This will probably come across as a sad commentary on my time management skills; nevertheless, it's time for me to 'fess up: I have been meaning to read Why Mexicans Don't Drink Molson by Andrea Mandel-Campbell for four years.
Truth be told, I've been putting it off because the book makes for very depressing reading. It points out that Canadians routinely use brand name products from other countries, but that other countries do not use Canadian brand name products. Or, as the book title suggests, Canadians happily drink Corona, but Mexicans do not drink Molson.
Why? Is there some international conspiracy against Canadian goods and services? No, it's worse than that. According to Mandel-Campbell, no one is consuming Canadian products because...Canadians (women entrepreneurs included) just haven't been exporting them. This is in spite of what you hear in the media about the importance of trade to the Canadian economy.
Read: Tips to exporting success from PROFIT's fastest growing companies.
According to a poll taken by the Canadian Federation of Independent Business in 2004, and cited in Mandel-Campbell's book, some 51% of respondents didn't export because they felt that their products or services were not "exportable." (Er, what? Why not?) Less than one-fifth of small businesses, which at the time accounted for a whopping 99% of all Canadian companies, actually exported. Even fewer actually did so regularly—roughly 3%.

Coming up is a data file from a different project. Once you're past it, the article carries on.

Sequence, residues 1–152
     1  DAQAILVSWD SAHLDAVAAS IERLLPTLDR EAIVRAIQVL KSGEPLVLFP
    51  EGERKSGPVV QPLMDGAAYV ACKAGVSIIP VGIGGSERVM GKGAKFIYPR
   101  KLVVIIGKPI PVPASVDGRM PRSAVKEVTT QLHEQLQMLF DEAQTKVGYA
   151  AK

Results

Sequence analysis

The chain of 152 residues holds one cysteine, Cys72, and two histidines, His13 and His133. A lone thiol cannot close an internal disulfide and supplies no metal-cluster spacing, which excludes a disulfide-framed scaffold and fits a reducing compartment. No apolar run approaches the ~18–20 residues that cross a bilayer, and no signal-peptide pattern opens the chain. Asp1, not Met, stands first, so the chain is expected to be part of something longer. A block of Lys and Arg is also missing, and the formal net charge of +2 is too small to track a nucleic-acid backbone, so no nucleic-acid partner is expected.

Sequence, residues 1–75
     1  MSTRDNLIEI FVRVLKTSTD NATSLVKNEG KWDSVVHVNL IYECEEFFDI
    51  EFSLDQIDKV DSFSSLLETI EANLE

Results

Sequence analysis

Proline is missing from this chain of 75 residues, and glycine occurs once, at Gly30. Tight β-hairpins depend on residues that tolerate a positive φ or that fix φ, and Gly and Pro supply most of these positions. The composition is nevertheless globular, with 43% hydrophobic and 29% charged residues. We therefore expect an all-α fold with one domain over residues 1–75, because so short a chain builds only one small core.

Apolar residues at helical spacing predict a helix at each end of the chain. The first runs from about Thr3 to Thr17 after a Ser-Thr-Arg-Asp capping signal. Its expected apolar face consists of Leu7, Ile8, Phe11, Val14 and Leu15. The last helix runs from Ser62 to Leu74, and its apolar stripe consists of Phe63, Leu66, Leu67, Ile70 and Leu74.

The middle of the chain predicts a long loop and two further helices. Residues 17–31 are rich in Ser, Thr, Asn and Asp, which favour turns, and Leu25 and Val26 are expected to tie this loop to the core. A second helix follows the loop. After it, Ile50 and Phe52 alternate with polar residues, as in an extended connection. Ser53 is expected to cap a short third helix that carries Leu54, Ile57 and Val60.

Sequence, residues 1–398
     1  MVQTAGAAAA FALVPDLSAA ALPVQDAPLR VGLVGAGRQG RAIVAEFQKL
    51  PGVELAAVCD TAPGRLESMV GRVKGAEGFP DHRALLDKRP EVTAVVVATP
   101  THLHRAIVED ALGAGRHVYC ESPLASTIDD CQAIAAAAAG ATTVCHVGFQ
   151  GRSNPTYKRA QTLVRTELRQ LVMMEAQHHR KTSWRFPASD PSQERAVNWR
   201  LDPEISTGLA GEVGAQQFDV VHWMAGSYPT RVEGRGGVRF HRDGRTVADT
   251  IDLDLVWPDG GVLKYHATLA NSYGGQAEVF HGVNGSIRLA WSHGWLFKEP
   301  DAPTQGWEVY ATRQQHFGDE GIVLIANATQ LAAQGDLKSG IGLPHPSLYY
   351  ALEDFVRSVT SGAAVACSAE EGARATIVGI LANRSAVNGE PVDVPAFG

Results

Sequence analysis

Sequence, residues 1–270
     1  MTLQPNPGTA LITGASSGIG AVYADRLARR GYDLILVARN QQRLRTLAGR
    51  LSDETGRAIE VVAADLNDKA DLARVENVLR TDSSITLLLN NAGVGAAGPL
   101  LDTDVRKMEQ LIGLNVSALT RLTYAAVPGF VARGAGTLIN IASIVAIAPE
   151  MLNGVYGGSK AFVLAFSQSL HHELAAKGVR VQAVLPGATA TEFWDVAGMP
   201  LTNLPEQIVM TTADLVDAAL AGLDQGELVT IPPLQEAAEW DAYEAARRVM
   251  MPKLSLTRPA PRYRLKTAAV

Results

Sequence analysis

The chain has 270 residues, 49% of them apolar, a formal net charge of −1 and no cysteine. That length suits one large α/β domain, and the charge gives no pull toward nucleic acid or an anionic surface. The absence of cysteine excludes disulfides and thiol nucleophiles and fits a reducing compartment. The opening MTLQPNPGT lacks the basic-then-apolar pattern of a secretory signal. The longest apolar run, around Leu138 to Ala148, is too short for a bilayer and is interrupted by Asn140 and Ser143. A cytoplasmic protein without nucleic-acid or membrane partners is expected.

The numbers haven't improved since the book came out. According to Statscan's A Profile of Canadian Exporters, in 2009, the number of exporting establishments in Canada actually fell from 51,648 to 47,637. Some 76.1% of those exporting establishments had exports of less than $1 million. In other words, those exports were a teeny drop in the bucket compared with global trade flows.
A quick scan of the Interbrand's 2012 world's top 100 brands reveals no Canadian entries and a look at the most recent Global Fortune 500, a ranking of the world's largest corporations, shows just 11 Canadian contenders. What's that you say? That latter statistic isn't so bad for a country with fewer than 40 million souls? Maybe. But, consider that Switzerland has a population of just 7.8 million and it boasts 15 of the world's largest corporations. And, you don't want to know how many China and India, both not long out of "Third World" status, have between them.
Read: Could Your Business Be the Next Lululemon? to understand the importance of brand.
Why aren't Canadians, who have always claimed to be a trading nation, selling more abroad? According to Mandel-Campbell, apparently we can't be bothered. A choice quote from Thierry Vandal, president and CEO of Hydro-Quebec, typifies the attitude and approach of the companies discussed in the book: "You pick low-lying fruit first. We don't need to be chasing international at this stage. That'll come in maybe 20 or 30 years."